We know that Smokey Bear is the spokes animal for wildfire prevention, and many people are familiar with Sparky the Fire Dog and his messages about home fire prevention, but have you ever heard of Quinn the Quarantine Fox? Unlike Smokey’s longevity in the public eye, Quinn is new to the public messaging scene. Firefighters are always concerned for your safety and think Quinn is a valuable member of their community risk reduction team.

The United States Consumer Product Safety Commission (USCPSC) protects buyers from the dangers of household items. The commission issues recalls and teaches people how to avoid common, life-threatening emergencies like kitchen fires and ingesting poisonous cleaners. Now that a large portion of the country’s population is spending an inordinate amount of time at home, the commission has increased the frequency of its messaging and channeled it through a new mascot. According to leaders at the commission, Quinn the Quarantine Fox has helped them inform people about various home safety tips so they can avoid injuries and avoid going to the emergency room. Firefighters and first responders fully support this idea, because it aligns with their community risk reduction plans that are designed to keep residents safe.

Quinn the Quarantine Fox was created by Joseph Galbo. Galbo is charge of making memes for the social media department at the government agency. Educating consumers about home safety in engaging and entertaining ways has always been the focus of the commission. However, as the pandemic spread and shelter-in-place orders expanded, the commission was faced with a new challenge around relevant social media messaging.

Drawing on the idiom “clever as a fox” and using Wes Anderson’s character Mr. Fox from the movie Fantastic Mr. Fox as inspiration, Galbo carefully selected the commission’s new spokesanimal. According to Galbo, Quinn the Quarantine Fox is a character that people can attach to emotionally and was deliberately created using crude Photoshop skills. The fox symbolizes being clever and creative and staying on top of what’s happening around us.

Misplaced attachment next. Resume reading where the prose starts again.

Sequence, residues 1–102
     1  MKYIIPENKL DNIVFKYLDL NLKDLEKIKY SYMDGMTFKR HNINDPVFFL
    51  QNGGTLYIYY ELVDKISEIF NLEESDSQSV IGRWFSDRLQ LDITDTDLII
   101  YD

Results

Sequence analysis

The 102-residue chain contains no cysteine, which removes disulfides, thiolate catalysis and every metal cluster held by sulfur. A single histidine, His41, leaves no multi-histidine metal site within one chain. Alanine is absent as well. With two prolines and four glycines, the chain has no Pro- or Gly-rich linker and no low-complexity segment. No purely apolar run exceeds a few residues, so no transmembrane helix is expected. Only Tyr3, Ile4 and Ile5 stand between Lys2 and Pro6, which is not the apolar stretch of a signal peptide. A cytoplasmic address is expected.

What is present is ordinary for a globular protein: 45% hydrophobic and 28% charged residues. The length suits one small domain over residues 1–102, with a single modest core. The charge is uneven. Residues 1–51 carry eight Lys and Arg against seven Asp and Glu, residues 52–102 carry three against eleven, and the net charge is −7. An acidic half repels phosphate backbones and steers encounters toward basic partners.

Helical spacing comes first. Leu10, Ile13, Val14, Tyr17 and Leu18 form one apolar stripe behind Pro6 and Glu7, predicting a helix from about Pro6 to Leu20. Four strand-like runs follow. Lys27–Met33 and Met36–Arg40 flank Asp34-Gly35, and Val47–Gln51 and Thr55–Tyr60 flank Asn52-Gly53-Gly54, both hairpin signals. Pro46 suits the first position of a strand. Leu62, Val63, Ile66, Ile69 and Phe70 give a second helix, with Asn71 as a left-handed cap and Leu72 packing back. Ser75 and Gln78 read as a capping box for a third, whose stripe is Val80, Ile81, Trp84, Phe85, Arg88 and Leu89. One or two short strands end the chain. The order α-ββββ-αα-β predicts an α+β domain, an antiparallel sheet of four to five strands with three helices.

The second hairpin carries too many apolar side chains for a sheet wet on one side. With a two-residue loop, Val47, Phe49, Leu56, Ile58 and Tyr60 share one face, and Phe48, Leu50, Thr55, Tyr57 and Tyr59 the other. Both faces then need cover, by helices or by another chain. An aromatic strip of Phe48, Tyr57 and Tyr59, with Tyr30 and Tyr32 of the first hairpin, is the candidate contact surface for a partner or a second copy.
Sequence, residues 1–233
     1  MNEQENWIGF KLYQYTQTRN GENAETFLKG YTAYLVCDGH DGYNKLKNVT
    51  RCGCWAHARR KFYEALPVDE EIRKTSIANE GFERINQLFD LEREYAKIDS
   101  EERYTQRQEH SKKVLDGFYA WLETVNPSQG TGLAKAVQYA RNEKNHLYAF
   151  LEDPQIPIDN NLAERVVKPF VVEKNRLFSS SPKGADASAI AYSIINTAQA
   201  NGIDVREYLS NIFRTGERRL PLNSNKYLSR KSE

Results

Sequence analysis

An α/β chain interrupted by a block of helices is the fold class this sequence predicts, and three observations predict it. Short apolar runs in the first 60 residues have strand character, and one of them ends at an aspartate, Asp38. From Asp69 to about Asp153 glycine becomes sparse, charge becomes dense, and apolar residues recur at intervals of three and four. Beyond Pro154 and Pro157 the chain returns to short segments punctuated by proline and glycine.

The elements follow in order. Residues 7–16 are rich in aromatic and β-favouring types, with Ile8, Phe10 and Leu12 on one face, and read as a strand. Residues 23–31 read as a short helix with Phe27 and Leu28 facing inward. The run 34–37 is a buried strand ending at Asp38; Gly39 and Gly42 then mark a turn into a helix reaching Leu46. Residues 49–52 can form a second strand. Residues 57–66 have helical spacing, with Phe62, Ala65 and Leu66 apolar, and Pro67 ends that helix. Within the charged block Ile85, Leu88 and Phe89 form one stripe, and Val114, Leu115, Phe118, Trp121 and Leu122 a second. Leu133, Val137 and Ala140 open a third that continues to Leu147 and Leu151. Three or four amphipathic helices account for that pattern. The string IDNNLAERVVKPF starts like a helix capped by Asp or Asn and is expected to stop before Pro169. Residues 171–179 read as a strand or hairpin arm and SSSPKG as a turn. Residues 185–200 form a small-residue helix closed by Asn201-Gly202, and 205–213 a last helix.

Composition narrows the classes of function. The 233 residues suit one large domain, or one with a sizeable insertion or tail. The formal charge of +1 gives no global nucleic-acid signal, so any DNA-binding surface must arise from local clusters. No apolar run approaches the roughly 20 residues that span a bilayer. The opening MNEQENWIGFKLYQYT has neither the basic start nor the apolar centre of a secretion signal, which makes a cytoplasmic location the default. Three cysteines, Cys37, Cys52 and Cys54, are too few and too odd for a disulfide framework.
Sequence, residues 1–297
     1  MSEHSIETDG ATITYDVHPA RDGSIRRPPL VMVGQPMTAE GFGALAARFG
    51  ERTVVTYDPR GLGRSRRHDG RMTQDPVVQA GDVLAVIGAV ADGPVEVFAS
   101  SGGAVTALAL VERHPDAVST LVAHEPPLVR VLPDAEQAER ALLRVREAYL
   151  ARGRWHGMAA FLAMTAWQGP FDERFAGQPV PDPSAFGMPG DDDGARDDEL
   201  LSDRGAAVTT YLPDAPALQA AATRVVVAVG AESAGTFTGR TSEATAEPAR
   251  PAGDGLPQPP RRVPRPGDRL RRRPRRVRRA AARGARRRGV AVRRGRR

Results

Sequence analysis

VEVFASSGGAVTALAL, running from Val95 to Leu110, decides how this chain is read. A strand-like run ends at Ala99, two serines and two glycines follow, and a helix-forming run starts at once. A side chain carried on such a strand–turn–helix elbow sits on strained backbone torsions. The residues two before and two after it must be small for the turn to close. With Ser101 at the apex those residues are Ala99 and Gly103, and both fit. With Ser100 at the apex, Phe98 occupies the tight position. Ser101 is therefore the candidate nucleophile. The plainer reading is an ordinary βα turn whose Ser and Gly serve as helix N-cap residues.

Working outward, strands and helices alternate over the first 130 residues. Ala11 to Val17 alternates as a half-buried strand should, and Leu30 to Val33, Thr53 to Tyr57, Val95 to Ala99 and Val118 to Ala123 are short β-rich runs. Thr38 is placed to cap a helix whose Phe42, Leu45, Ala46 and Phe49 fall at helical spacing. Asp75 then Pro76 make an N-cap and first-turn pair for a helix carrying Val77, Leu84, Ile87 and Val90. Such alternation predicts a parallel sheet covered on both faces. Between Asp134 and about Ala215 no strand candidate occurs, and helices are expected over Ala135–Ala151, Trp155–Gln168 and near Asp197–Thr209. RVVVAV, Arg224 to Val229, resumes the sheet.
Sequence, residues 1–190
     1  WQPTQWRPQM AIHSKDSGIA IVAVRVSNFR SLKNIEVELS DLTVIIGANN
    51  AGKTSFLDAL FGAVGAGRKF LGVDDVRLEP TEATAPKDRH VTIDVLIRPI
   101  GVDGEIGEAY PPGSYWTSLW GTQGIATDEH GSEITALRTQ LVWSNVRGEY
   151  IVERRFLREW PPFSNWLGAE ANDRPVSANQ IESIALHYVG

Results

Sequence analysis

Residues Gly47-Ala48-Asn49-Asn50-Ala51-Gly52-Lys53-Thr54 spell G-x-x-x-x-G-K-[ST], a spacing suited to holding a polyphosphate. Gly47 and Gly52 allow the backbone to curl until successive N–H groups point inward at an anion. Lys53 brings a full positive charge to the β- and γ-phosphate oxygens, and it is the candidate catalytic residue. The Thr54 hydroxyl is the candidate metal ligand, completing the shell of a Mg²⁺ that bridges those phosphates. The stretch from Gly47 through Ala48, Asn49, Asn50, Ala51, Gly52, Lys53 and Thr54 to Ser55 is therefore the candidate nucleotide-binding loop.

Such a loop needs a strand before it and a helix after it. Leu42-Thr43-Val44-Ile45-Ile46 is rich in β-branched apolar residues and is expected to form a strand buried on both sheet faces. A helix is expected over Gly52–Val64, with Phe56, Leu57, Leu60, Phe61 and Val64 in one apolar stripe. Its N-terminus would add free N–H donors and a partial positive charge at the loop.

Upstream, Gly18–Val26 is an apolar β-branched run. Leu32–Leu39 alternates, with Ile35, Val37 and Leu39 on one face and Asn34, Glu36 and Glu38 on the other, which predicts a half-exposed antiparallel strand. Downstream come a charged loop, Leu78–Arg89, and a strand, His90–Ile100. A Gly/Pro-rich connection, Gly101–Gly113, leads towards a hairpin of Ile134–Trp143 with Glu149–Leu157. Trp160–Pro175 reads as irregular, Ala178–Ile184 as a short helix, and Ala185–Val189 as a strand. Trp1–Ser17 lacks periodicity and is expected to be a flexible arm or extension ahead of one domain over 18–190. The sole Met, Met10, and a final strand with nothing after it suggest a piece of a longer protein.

There is much more to Quinn than meets the eye. The character also nods to the wartime idea of hunkering down in a foxhole. This is relevant as more people are staying home and preparing themselves for change. Of course, the agency does not want to frighten anyone, nor do they want to issue propaganda. It is difficult to strike a balance between being cute, but also being serious. The commission is always analyzing what is hurting people and it uses data from the its research department, surveys of emergency room records, and product injury reports to develop its messaging. Quinn’s Twitter posts so far have focused on topics like child safety, poison control, smoke detectors, anchoring furniture, and preventing falls.

Recent tweets from Quinn suggest that now is the perfect time to make and practice a fire escape plan. The fox also tweets about preventing window falls and how to keep children safe near windows. Other messages from the clever mascot include keeping your children safe by anchoring furniture and TVs to the wall so they do not fall and by testing smoke and CO alarms to ensure they will work in an emergency. Quinn also suggests that residents frequently check the commission’s website for safety recalls.

In response to the epidemic, Quinn shares a nightly message that people find positive and comforting. His face hangs in the halo of the moon and hovers over a new landscape each evening, and while his message is always different, a few lines of his text are always the same: “Good night, kind friends. Tomorrow we care for one another all over again.” Galbo hopes that Quinn’ messages help contribute to the idea that we are going to get through this together.

The commission continues to protect the public from dangerous consumer products through science, investigation, corrective action and communication. In response to the current crisis, the commission has created a series of Home Safety Checklists. For more information on what steps you can take for the safety of your family, you can follow Quinn on Twitter using his handle @Quinn_Colton or visit www.cpsp.gov.

By the way, Quinn asked me to remind you to put the Poison Control Center’s hotline number in your cell phone so you have it when you need it! The number is 800-222-1222.

This column was written by Jane Perkins, Fire Safety Specialist for the Rhode Island Southern Firefighters League and Captain of the Watch Hill Fire Department. If you would like to see a question answered in this column, please e-mail her at askafirefighter@yahoo.com.

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